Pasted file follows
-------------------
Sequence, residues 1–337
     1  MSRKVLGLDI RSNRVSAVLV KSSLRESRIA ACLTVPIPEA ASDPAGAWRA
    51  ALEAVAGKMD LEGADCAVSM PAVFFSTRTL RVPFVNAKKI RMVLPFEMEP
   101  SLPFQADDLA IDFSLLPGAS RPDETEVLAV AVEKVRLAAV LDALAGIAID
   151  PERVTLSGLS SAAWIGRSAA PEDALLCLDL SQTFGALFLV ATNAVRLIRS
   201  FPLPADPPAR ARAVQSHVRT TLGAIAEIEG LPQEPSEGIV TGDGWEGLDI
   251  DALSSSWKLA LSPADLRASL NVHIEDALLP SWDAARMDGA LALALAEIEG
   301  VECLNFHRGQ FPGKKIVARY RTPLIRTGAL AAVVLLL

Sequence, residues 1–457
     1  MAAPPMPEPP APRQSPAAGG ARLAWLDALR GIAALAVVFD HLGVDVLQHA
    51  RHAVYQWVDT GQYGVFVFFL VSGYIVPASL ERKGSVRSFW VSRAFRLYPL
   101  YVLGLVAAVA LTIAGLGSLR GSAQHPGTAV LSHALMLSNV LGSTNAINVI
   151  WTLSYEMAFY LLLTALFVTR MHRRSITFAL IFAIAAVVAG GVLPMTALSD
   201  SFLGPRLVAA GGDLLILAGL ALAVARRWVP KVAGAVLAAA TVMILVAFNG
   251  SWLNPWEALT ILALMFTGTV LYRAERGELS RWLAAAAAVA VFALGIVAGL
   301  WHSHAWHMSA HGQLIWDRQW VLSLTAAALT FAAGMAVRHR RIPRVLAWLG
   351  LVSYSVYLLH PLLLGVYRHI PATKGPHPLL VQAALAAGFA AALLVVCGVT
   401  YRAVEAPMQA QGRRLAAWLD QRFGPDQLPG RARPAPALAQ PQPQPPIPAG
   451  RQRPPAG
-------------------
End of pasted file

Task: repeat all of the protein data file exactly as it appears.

Sequence, residues 1–337
     1  MSRKVLGLDI RSNRVSAVLV KSSLRESRIA ACLTVPIPEA ASDPAGAWRA
    51  ALEAVAGKMD LEGADCAVSM PAVFFSTRTL RVPFVNAKKI RMVLPFEMEP
   101  SLPFQADDLA IDFSLLPGAS RPDETEVLAV AVEKVRLAAV LDALAGIAID
   151  PERVTLSGLS SAAWIGRSAA PEDALLCLDL SQTFGALFLV ATNAVRLIRS
   201  FPLPADPPAR ARAVQSHVRT TLGAIAEIEG LPQEPSEGIV TGDGWEGLDI
   251  DALSSSWKLA LSPADLRASL NVHIEDALLP SWDAARMDGA LALALAEIEG
   301  VECLNFHRGQ FPGKKIVARY RTPLIRTGAL AAVVLLL

Sequence, residues 1–457
     1  MAAPPMPEPP APRQSPAAGG ARLAWLDALR GIAALAVVFD HLGVDVLQHA
    51  RHAVYQWVDT GQYGVFVFFL VSGYIVPASL ERKGSVRSFW VSRAFRLYPL
   101  YVLGLVAAVA LTIAGLGSLR GSAQHPGTAV LSHALMLSNV LGSTNAINVI
   151  WTLSYEMAFY LLLTALFVTR MHRRSITFAL IFAIAAVVAG GVLPMTALSD
   201  SFLGPRLVAA GGDLLILAGL ALAVARRWVP KVAGAVLAAA TVMILVAFNG
   251  SWLNPWEALT ILALMFTGTV LYRAERGELS RWLAAAAAVA VFALGIVAGL
   301  WHSHAWHMSA HGQLIWDRQW VLSLTAAALT FAAGMAVRHR RIPRVLAWLG
   351  LVSYSVYLLH PLLLGVYRHI PATKGPHPLL VQAALAAGFA AALLVVCGVT
   401  YRAVEAPMQA QGRRLAAWLD QRFGPDQLPG RARPAPALAQ PQPQPPIPAG
   451  RQRPPAG